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Social Vending Machines

Out of quarters? Not to worry, a friend can now gift you a drink from Pepsi’s new social vending machine. Using these newfangled machines, you select the beverage, insert money and sent a text to the beverage recipient.  Many of the machines will even be fitted with a camera to send video messages along with the beverage code.

I imagine Pepsi is banking on customers buying a drink for themselves then deciding to try out the new technology, thus doubling Pepsi’s profits. After all, how could you gift a cool refreshing drink and not snag one for yourself? 

An innovation officer at Pepsi says ,

"Social Vending extends our consumers’ social networks beyond the confines of their own devices and transforms a static, transaction-oriented experience into something fun and exciting.

The system also allows “random acts of refreshment,” or the ability to buy a drink for a stranger, in situations such as sending “a symbol of encouragement to a city that’s experienced some challenging weather or a congratulatory beverage to a university that just won a championship.”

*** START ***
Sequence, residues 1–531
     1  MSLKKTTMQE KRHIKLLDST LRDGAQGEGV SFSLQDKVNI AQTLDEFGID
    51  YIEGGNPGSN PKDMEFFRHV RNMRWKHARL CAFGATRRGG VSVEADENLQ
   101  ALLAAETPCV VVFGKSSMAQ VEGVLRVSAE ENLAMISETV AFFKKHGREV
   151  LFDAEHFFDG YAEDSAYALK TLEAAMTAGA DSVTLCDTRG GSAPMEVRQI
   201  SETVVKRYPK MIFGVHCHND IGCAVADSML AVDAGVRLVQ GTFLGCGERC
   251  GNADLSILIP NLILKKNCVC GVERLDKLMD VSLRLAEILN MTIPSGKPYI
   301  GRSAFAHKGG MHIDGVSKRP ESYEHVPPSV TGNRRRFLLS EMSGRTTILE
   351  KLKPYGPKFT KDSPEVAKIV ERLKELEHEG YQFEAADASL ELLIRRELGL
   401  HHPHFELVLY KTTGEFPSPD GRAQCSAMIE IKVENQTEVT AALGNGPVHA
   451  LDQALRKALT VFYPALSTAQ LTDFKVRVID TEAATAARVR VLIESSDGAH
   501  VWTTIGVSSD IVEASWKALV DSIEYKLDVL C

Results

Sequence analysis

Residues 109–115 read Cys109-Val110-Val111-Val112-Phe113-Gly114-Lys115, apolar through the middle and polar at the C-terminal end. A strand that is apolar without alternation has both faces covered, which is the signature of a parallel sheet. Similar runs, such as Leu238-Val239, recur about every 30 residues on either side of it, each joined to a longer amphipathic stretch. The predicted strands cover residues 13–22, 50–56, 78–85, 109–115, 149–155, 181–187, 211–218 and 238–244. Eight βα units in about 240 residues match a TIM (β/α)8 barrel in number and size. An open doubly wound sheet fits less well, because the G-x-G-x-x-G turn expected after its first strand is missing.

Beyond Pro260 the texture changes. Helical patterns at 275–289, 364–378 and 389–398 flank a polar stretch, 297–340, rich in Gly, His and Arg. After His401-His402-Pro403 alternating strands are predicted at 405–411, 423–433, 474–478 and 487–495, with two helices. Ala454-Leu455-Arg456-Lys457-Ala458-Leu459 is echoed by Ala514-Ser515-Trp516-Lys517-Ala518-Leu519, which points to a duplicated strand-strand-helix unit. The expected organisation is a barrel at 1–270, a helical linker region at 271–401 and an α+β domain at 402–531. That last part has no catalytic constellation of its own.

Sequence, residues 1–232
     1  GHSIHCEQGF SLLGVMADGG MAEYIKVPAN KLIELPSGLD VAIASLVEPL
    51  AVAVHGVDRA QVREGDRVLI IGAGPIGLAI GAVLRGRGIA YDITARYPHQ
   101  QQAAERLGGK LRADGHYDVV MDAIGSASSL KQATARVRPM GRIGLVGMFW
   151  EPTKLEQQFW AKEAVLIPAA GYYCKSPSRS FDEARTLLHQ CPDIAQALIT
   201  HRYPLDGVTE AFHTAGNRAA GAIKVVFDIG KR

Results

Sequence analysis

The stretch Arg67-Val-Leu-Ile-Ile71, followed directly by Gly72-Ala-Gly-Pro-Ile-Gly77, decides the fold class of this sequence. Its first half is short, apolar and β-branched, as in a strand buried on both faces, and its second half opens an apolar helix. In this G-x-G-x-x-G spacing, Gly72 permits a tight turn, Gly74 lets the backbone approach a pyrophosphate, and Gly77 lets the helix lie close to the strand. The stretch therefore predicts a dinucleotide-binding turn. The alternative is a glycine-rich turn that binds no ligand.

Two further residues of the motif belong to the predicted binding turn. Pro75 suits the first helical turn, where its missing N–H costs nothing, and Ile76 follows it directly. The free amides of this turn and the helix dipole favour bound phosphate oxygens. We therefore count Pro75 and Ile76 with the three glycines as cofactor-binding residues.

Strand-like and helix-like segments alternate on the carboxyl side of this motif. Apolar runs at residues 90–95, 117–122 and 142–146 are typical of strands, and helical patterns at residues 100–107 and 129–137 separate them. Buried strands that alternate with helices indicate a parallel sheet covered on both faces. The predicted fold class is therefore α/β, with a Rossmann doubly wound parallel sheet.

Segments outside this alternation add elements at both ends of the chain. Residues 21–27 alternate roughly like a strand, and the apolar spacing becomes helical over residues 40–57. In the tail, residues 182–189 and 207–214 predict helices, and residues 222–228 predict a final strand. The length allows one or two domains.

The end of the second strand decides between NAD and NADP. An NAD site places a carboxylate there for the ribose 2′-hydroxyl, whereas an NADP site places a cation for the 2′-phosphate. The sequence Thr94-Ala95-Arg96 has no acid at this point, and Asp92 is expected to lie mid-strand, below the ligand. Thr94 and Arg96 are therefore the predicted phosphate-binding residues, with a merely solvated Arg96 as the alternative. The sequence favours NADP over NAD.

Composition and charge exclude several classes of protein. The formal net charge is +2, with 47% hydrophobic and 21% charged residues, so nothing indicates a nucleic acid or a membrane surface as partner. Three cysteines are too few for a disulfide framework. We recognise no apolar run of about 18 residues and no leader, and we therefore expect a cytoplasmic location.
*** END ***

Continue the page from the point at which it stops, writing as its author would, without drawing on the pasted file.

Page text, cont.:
Random acts of refreshment? Sounds just a little like Shaq’s Twitter stunts dubbed “Random Acts of Shaqness.

This will probably catch on briefly for the novelty but I can’t imagine gifting drinks on a regular basis.  Sounds a little like the paid Facebook gifts, which also came and went. The real blessing here is that the tired old vending machine is getting a facelift. 

Reasons why UX is so important…

theatlantic:

Gawker’s Traffic Numbers Are Worse Than Anyone Anticipated:

What does the network’s traffic look like now that two and a half months have passed? Turns out, according to Gawker’s public statistics, things are much, much worse than was originally reported. Yes, the redesign cut traffic in half almost instantly, but instead of coming back, even more readers left the site behind.

Here, a graph we put together using the number of unique visitors to five sites in the Gawker network — Gawker, Gizmodo, Jezebel, io9 and Deadspin — from November through today. The April numbers are only for the month to-date, but it isn’t hard to see, now that we’re twenty days in, how many of these sites will need a big boost to even reach March’s traffic.

Read on at The Atlantic.

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